Trauma-Informed Care and Addiction Recovery: An Interview With Nancy J. Smyth, PhD, LCSW

Published April 6, 2015

Dean Nancy J. Smyth

Dean Nancy J. Smyth.

Congratulations to Dean Nancy J. Smyth and colleague Lori Holleran Steiker on the publication of their article, Trauma-Informed Care and Addiction Recovery: An Interview With Nancy J. Smyth, PhD, LCSW, in Journal of Social Work Practice in the Addictions.

Interview Conducted by Lori Holleran Steiker MSW, PhD (2015) Trauma-Informed Care and Addiction Recovery: An Interview With Nancy J. Smyth, PhD, LCSW, Journal of Social Work Practice in the Addictions, 15:1, 134-142.

Read a part of the interview:

Holleran Steiker: It is a privilege to interview the Dean of the School of Social Work at the State University of New York at Buffalo. You wear a number of hats: dean, professor, researcher, and clinician. You are a Board Certified Expert in Traumatic Stress through the American Academy of Experts in Traumatic Stress and have worked in both mental health and addiction-treatment settings for over 35 years as a clinician, manager, educator, researcher, and program developer. To begin with, can you tell us about trauma-informed care and what brought you to study this area?

Smyth: I’ll start with the second part of the question and come back to the first. I got my start in social work working with people who had severe mental illness during the 1980s and then moved into working with people who were struggling with alcohol and other drug problems. In both groups of people I was struck by the high prevalence of significant trauma histories, both in childhood and adulthood. For this reason, I began educating myself about the impact of trauma and its treatment. As I learned more I also recognized the importance of listening to the experiences of trauma survivors themselves, including their negative experiences in our systems of care. Stories like that of Anna—a young woman with a history of sexual abuse and a diagnosis of schizophrenia who had the treatment system fail her, despite good intentions (Jennings, 1994)—made it clear that sometimes our service systems inadvertently harmed clients by re-creating aspects of their traumatic experiences or reinforcing the negative beliefs about themselves that originated in their traumatic experiences. Bloom and Farragher (2011) recently described these negative system effects on both clients and staff in their book, Destroying Sanctuary.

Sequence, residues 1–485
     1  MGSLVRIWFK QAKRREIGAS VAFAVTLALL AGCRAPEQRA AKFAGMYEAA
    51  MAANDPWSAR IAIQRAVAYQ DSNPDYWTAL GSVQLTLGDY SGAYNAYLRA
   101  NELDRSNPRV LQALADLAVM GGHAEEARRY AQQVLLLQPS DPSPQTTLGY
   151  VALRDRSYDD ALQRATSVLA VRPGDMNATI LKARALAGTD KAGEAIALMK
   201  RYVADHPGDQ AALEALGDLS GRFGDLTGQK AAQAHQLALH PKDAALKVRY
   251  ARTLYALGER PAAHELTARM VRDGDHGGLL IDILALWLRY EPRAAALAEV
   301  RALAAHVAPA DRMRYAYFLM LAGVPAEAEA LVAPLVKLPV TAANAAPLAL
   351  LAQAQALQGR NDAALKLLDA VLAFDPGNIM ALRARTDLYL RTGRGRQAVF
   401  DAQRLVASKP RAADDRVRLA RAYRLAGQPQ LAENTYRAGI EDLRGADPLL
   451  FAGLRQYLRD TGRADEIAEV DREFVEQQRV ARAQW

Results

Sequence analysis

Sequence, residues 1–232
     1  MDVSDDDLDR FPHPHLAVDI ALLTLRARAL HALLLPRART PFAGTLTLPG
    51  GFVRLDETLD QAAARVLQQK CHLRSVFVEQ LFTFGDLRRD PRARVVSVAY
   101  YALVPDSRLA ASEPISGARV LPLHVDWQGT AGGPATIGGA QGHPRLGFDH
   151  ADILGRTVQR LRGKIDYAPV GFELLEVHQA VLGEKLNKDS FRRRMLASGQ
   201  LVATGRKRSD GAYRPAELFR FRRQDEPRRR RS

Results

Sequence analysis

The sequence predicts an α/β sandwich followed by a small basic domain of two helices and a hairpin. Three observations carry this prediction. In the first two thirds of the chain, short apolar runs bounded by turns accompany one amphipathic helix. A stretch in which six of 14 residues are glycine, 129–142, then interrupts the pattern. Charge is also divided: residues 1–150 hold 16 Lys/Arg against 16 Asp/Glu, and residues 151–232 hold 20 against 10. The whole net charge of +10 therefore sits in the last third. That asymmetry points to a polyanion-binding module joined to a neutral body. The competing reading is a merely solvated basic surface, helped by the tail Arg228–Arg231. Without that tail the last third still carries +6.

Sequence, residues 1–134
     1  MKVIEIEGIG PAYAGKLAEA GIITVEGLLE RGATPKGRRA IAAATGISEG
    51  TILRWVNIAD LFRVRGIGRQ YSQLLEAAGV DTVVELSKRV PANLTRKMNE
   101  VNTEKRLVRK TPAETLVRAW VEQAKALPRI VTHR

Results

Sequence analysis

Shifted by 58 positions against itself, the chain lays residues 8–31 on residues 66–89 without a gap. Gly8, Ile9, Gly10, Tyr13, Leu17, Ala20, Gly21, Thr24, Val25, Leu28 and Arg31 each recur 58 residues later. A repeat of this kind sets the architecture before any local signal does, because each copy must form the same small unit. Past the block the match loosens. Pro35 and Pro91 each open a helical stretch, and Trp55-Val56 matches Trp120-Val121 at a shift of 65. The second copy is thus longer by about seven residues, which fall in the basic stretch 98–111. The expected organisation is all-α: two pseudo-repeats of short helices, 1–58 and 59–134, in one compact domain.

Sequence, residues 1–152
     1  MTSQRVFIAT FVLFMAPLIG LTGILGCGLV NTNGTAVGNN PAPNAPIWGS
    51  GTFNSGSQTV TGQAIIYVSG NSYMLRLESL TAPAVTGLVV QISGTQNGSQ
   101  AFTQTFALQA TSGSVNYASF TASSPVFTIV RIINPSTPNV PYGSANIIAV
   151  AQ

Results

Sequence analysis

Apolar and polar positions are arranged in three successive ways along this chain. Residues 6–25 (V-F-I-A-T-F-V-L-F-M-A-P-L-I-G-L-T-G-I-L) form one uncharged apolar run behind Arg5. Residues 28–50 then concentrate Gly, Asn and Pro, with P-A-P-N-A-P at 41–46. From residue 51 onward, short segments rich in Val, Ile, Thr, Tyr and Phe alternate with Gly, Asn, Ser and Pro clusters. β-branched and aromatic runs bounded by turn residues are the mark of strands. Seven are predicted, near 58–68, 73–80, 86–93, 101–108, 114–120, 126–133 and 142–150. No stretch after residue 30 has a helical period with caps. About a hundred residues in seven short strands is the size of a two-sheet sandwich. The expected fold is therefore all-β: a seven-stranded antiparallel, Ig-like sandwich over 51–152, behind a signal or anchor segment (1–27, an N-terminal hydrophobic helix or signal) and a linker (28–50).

For all of the above reasons, trauma-informed care (TIC) was identified as a priority by the Substance Abuse and Mental Health Services Administration (SAMHSA) and they created the National Center for Trauma-Informed Care (NCTIC) in 2005 through a shared initiative with the National Association of State Mental Health Program Directors (SAMHSA, 2014). Simply stated, TIC is an approach to designing policy, systems of care, and our clinical practice based on what we know from research about the impact of trauma on people, as well the knowledge from our research that most of the clients in our service systems have had significant exposure to traumatic events over the course of their lives (Smyth & Greyber, 2013). Recognizing that traumatic events made people feel unsafe and powerless, TIC seeks to ensure that clients and staff feel safe and empowered, and is organized around the principles of safety/trustworthiness, choice/collaboration/empowerment, and a strengths-based approach (Hopper, Bassuk, & Olivet, 2010).

At the practice level, TIC asks “What happened to you?” versus “What’s wrong with you?” and, therefore incorporates the assessment of trauma and trauma symptoms routinely into all practice approaches. However, this is done by allowing the client to control the pace of disclosure, as well as by ensuring that clients leave the office feeling calm and contained should such disclosures be upsetting. TIC also ensures that clients have access to trauma-focused (sometimes called trauma-specific) interventions; that is, interventions that treat the consequences of traumatic stress.

TIC focuses our attention on the ways in which services are delivered and service systems are organized (Bloom & Farragher, 2011). Trauma-informed organizations ensure that every staff member, from the receptionist to the executive director, understands trauma and trauma reactions. Trauma-informed organizations routinely examine all policies, procedures, and processes to ensure they are not likely to trigger trauma reactions or to be experienced as retraumatizing; that is, putting a client through a process that shares characteristics of the traumas he or she has lived through. An example of such a retraumatizing process would be pushing a client to disclose a rape experience in group therapy before she or he feels ready to do so. Such an experience is reminiscent of the powerless and vulnerability of the rape itself—I’ve seen too many clients drop out of substance abuse treatment after an experience just like this.